Sunday, 14 August 2016

British Comics: A Cultural History

The specifically British contribution to the history of comics and cartoons remains under-researched and underappreciated. While there is a growing critical literature on such high-profile figures as Alan Moore, Neil Gaiman, and Grant Morrison, huge swathes of British cartooning history have been neglected by critics, historians, and fans. As James Chapman points out in his informative new study, the “work of Martin Barker and Roger Sabin represents the only sustained academic engagement with comics in Britain… the British comic has never achieved the cultural cachet of the bande dessinee, but nor has it found a popular mythology equivalent to the American superhero tradition.” While Chapman might also have pointed to Paul Gravett and Peter Stanbury’s 2006 book on Great British Comics: Ripping Yarns and Wizard Wheezes, his larger point is a valid one. Not only has “scholarly attention” been “thin on the ground,” fan culture in Britain often evinces a greater interest in second-tier Marvel characters than indigenous creators and titles. The so-called “British invasion” of the 1980s and 1990s is the conspicuous exception precisely because it left its mark on the American mainstream.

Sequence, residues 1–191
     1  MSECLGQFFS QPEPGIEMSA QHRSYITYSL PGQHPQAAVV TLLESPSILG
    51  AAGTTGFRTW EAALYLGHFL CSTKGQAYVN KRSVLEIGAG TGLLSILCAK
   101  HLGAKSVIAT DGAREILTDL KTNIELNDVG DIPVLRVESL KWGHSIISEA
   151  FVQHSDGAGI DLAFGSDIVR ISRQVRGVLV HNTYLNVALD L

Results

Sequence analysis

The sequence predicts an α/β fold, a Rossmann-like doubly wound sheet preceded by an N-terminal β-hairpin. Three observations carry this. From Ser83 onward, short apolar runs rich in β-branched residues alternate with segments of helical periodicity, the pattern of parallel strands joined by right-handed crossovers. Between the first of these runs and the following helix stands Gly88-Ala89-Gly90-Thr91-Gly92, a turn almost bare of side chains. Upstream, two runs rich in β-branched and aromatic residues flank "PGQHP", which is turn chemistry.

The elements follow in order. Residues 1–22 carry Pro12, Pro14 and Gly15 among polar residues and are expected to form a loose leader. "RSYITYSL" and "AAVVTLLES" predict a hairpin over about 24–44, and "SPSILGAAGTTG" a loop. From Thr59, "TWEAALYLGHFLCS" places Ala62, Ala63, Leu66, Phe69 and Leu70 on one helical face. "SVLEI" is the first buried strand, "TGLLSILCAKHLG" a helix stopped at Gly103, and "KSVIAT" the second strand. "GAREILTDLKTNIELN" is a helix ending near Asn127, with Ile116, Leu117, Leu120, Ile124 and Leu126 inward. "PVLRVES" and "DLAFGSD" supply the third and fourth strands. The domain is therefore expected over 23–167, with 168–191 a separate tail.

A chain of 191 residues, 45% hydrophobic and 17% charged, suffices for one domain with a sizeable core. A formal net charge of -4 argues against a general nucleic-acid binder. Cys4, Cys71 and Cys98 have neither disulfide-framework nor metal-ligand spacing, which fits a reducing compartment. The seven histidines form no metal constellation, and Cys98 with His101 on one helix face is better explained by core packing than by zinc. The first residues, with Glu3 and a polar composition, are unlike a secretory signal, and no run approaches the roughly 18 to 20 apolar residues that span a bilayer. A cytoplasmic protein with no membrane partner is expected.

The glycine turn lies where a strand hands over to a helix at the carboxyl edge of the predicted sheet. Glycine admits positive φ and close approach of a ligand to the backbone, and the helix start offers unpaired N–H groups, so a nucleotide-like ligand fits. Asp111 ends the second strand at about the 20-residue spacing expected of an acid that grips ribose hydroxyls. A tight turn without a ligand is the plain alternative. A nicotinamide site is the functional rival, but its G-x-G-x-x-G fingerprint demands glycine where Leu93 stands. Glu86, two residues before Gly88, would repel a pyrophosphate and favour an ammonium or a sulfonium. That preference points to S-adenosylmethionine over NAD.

Both the scope and the scale of British cartooning are worth emphasizing. The medium’s early development was profoundly influenced by the work of satirical print artists such as William Hogarth (1697-1764), James Gillray (1757-1815), and George Cruikshank (1792-1878), as well as by various London-based illustrated magazines of the nineteenth century, such as Punch, the Illustrated London News, and-read more

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